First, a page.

Death penalty proposed for consenting same-sex relations
Misreported & unreported aspects of the legislation
Below is a full and comprehensive briefing on the Anti-Homosexuality Bill, which is currently before the Ugandan Parliament and which proposes the death penalty for certain consenting homosexual acts.
Sponsored by the Ugandan MP, David Bahati, the Bill is expected to be debated and voted on in the coming weeks.
This briefing includes details of the already existing extreme homophobic laws in Uganda and their hateful social effects, a link to a full copy of the Anti-Homosexuality Bill and my summary of its key elements.
Although there have been reports that death penalty clauses will be dropped, to date the Bill has not been amended, watered down or scrapped. All the original provisions, including the death penalty, remain.
Indeed, the Bill’s sponsor, MP David Bahati, said late last week that he stands by the Bill and will not withdraw it.
Read the full text of the Anti-Homosexuality Bill:
Summary of the Anti-Homosexuality Bill
Peter Tatchell said:
"The Anti-Homosexuality Bill proposes the death penalty for two classes of same-sex acts.
“First, for 'aggravated' homosexuality, which is defined as gay sex with under 18s or disabled persons and gay sex by a person in authority or by a person with HIV, even if they use a condom.
“Second, for 'serial' homosexual acts, meaning for persons who have repeated same-sex relations ie. more than once or twice.
“The Bill extends the existing penalty of life imprisonment for same- sex intercourse to all other same-sex behaviour, including the mere touching of another person with the intent to have homosexual relations.
“Life imprisonment is also the penalty for contracting a same-sex marriage.
"Promoting homosexuality and aiding and abetting others to commit homosexual acts will be punishable by five to seven years jail. These new crimes are likely to include membership and funding of LGBT organisations, advocacy of LGBT human rights, supportive counselling of LGBT persons and the provision of condoms or safer sex advice to LGBT people.
“A person in authority – gay or heterosexual - who fails to report violators to the police within 24 hours will be sentenced to three years behind bars.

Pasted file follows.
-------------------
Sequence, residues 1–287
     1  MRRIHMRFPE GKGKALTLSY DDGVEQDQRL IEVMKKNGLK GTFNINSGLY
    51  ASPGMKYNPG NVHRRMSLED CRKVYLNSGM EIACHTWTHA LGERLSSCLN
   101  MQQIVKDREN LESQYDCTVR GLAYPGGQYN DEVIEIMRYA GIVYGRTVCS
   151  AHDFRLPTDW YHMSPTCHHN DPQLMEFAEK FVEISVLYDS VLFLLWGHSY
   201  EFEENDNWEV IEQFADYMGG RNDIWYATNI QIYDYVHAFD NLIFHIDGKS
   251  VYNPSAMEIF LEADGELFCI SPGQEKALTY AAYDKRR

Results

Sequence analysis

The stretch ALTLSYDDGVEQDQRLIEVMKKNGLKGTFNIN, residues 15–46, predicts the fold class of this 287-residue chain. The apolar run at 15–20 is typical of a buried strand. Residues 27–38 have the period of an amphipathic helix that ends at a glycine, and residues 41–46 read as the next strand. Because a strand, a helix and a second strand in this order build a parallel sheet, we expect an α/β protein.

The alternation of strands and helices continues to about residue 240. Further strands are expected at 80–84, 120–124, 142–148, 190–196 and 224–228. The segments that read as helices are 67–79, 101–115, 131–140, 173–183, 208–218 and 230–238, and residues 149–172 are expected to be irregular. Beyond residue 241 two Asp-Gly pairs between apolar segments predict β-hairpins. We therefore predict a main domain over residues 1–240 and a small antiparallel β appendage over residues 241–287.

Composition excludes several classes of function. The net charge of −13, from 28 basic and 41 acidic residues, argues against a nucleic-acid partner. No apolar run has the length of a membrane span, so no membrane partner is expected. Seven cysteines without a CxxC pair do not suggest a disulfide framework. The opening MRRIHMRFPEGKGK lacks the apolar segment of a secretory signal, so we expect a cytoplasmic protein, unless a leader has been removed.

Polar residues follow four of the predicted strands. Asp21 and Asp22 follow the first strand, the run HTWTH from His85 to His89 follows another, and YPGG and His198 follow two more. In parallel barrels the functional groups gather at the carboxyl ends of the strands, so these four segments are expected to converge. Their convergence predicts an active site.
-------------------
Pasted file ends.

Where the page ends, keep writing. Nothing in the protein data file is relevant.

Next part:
"Astonishingly, the new legislation has an extra-territorial jurisdiction. It will also apply to Ugandan citizens or foreign residents of Uganda who commit these 'crimes' while abroad, in countries where such behaviour is not a criminal offence. Violators overseas will be subjected to extradition, trial and punishment in Uganda.
“This bill is even more draconian than the extreme homophobic laws of countries like Saudi Arabia and Iran.
“It is part of a wide attack on civil society and is symptomatic of Uganda’s drift to Mugabe-style authoritarianism," added Mr Tatchell.
Read this report by me on the tyranny of President Yoweri Museveni’s Ugandan regime:
Existing anti-gay laws in Uganda - and their consequences
The Uganda Penal Code Act of 1950 (Chapter 120) (as amended)
Section 145. Unnatural offences.
--Any person who-- (a) has carnal knowledge of any person against the order of nature; (b) has carnal knowledge of an animal; or (c) permits a male person to have carnal knowledge of him or her against the order of nature, commits an offence and is liable to imprisonment for life.
Section 146. Attempt to commit unnatural offences.
--Any person who attempts to commit any of the offences specified in section 145 commits a felony and is liable to imprisonment for seven years.
Section 148. Indecent practices.
--Any person who, whether in public or in private, commits any act of gross indecency with another person or procures another person to commit any act of gross indecency with him or her or attempts to procure the commission of any such act by any person with himself or
herself or with another person, whether in public or in private, commits an offence and is liable to imprisonment for seven years.
“The current anti-homosexual laws were originally imposed on Uganda by the British colonial administration in the nineteenth century, during the period of imperial subjugation. They are not authentic Ugandan or African laws,” added Peter Tatchell of the Peter Tatchell Foundation.
“The consequences of this already existing legislation can include long terms of imprisonment for homosexual relations between consenting adults in private.
“Criminalisation also often results in the failure of police to protect the lesbian, gay, bisexual and transgender (LGBT) victims of mob violence. It gives a green light to blackmailers and to the police harassment of LGBT people, including the framing of LGBT Ugandans on false charges.
“The outing of LGBT people by the Kampala tabloid newspaper, Red Pepper, has resulted in some victims losing their jobs and homes. Others have been disowned by their families and forced to go into hiding.
“The Anti-Homosexuality Bill is just the latest of many attacks on the LGBT community of Uganda.
“In recent years, the Ugandan government of President Yoweri Museveni has passed a law banning same-sex civil marriage, fined Radio Simba for broadcasting a discussion of LGBT issues, and expelled a UN AIDS agency director for meeting with LGBT campaigners.
“Some years ago, a heterosexual Anglican bishop of the West Buganda diocese of Uganda, Christopher Senyonjo, was denied the right to preach and denied his pension by the Church of Uganda after he defended the human rights of LGBT people,” said Mr Tatchell.